IF the decision to increase tuition fees in 2010 was supposed to deter people from going to university, it didn’t succeed.

In 2015, more than half a million people entered higher education in the UK, the highest number on record and an increase of 3.1 per cent on the previous year, according to the UCAS end of cycle report.

But despite this, there are more question marks than ever whether the debt ridden decision to go to university is the right one.

Support worker Luke Scarr could easily have chosen that path but opted instead for a more hands-on approach.

Mr Scarr, 25, first studied a BTEC in Sports Science at Darlington College and seven years later, he is working with some of the most vulnerable young people at the very same college.

“University was an option for me after school, but the career path I chose has given me years of experience and I now have a job which I find stimulating and rewarding.

“It was definitely the best decision I ever made” he said.

Since the last general election, more than 350,000 people have started an apprenticeship.

Graphic designer Dan Blom always knew he wanted to draw for a living but left school without the qualifications he needed.

After completing his BTEC in graphic design, the 24-year-old from Newton Aycliffe had to choose between finding a job and university.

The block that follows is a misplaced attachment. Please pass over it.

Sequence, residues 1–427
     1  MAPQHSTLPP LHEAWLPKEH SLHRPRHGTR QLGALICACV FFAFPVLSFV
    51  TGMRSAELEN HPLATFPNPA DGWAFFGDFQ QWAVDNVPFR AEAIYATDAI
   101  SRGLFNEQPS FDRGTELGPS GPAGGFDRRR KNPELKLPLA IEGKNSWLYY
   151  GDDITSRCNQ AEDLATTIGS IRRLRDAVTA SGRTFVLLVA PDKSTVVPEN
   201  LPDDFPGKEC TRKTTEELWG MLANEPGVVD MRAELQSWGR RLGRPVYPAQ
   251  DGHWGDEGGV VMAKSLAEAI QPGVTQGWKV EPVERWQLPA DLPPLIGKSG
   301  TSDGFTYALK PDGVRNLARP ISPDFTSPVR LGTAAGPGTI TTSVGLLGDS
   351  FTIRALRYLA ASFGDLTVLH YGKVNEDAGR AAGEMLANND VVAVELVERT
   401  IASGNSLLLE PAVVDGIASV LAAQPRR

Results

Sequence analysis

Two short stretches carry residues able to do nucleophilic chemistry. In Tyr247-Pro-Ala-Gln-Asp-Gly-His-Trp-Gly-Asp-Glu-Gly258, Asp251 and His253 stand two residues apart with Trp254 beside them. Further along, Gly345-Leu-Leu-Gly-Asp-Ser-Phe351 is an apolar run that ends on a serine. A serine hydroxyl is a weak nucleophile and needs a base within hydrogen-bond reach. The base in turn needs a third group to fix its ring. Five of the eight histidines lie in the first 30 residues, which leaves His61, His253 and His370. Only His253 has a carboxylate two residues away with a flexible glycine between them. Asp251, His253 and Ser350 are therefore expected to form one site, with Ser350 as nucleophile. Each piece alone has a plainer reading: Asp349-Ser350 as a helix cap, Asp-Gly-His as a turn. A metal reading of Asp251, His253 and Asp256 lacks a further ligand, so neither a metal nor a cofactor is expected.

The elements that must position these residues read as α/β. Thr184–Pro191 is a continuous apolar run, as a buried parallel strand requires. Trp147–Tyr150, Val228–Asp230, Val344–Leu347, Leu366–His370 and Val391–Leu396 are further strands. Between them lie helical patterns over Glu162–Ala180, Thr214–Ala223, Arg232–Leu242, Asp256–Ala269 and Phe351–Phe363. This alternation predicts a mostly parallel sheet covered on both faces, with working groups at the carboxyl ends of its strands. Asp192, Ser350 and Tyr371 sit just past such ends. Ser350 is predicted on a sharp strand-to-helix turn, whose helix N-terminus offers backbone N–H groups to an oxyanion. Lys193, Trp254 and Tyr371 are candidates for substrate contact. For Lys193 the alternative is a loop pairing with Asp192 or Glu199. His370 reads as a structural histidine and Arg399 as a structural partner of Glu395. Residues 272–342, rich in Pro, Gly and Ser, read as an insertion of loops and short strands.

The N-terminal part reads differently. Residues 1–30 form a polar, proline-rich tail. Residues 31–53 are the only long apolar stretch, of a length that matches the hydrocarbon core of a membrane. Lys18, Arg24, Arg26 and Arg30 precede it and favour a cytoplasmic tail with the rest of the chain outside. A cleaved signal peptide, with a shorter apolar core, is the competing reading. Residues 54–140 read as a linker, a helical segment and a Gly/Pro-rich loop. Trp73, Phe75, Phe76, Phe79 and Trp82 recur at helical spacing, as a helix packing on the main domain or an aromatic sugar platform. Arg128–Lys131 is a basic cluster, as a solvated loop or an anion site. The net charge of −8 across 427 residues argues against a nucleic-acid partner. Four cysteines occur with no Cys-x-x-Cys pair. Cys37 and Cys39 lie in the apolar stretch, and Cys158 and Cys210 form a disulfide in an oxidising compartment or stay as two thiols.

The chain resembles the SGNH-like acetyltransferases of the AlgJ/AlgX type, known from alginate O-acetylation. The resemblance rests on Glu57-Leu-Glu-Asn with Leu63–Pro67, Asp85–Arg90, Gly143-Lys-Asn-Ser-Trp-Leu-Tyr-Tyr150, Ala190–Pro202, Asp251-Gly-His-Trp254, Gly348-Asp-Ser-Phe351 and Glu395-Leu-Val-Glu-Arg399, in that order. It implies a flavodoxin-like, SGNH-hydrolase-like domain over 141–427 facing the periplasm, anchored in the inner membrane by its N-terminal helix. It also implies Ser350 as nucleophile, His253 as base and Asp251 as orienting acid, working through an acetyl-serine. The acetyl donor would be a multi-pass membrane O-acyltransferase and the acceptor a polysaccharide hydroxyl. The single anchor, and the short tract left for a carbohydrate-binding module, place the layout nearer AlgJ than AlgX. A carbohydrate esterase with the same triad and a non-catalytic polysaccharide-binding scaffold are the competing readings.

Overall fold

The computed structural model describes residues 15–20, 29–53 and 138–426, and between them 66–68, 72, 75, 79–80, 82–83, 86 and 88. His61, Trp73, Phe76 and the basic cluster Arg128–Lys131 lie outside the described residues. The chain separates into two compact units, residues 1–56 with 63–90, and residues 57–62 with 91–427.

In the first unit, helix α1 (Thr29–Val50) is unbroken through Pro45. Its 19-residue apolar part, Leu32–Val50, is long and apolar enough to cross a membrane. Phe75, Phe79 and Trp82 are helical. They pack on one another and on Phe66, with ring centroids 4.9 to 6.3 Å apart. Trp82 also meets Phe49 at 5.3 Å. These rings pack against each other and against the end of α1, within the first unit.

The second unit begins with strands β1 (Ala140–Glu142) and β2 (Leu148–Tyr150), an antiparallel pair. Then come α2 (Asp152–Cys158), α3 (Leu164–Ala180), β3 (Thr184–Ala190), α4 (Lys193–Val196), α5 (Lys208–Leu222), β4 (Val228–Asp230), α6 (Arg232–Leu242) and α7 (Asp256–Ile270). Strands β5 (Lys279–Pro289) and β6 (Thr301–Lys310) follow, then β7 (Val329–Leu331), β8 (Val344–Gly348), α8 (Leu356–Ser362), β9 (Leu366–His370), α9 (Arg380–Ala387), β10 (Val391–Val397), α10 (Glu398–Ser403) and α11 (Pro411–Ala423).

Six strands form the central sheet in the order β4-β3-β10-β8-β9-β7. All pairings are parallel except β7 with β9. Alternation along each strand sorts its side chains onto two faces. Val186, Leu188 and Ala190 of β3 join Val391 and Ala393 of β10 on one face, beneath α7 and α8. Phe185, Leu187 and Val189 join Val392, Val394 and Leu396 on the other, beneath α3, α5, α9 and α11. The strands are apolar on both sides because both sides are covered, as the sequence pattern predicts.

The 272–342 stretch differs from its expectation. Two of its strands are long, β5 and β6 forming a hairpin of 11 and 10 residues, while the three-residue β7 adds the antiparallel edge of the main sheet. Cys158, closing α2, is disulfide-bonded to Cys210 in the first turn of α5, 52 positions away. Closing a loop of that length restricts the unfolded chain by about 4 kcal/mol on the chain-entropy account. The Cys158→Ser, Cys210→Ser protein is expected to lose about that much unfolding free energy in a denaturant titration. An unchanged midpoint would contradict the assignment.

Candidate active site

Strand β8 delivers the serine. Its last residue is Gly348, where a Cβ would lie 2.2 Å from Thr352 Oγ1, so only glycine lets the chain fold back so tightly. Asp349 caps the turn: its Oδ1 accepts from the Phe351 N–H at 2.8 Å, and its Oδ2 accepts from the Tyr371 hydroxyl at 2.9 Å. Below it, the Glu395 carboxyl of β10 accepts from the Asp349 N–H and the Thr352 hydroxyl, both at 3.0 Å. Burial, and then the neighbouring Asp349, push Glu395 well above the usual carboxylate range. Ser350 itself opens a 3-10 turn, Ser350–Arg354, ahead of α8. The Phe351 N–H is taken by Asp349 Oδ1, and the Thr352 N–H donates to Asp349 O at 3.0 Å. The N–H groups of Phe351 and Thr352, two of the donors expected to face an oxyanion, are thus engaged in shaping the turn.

“I decided I wanted to go down the apprenticeship route and set about looking for an employer.

“It’s incredibly hard for young people to make the right choices about what they want to do” he added.

Choosing a career is one thing. The next step is to decide the best way to get on the job ladder. But what is the best path to take when there is a further education and an apprenticeship route for certain subjects.

Kerri Muirhead studied a journalism degree, while Krystal Starkey was Darlington College’s first journalism apprentice.

Miss Muirhead said “I’ve always loved English and travelling, and journalism felt like the perfect career choice. The degree really gave me a stepping stone.”

She admitted she took the degree route because she didn’t know the alternative, and suggested work experience was the key to achieving her first job in journalism rather than academic achievements.

Miss Starkey, 22, works as a lifestyle editor at a community publication in York and during her apprenticeship, won her way to the finals of a national TV media competition and was shortlisted for a journalism apprentice of the year award. She said: “As I gained more skills through the NCTJ course I was able to apply them in the workplace. I loved every minute of my apprenticeship and it was as rewarding as it was challenging.”

Andrew Brown, guidance advisor at Darlington College, has spent the summer advising young people on the right qualifications and career destinations.

He said: “Students have come in here to find out what’s on offer and find a perfect course that fits their needs, whether its childcare looking at becoming a primary school teacher, or a business course and wanting to study law.

“Through our guidance discussions, they’ve realised that they can still progress to university to do the degree they wanted, but just via a different route.”

While university might be the perfect choice for some, for those who didn’t get the grades they needed last month, there are still plenty of ways to make their career aspirations become reality.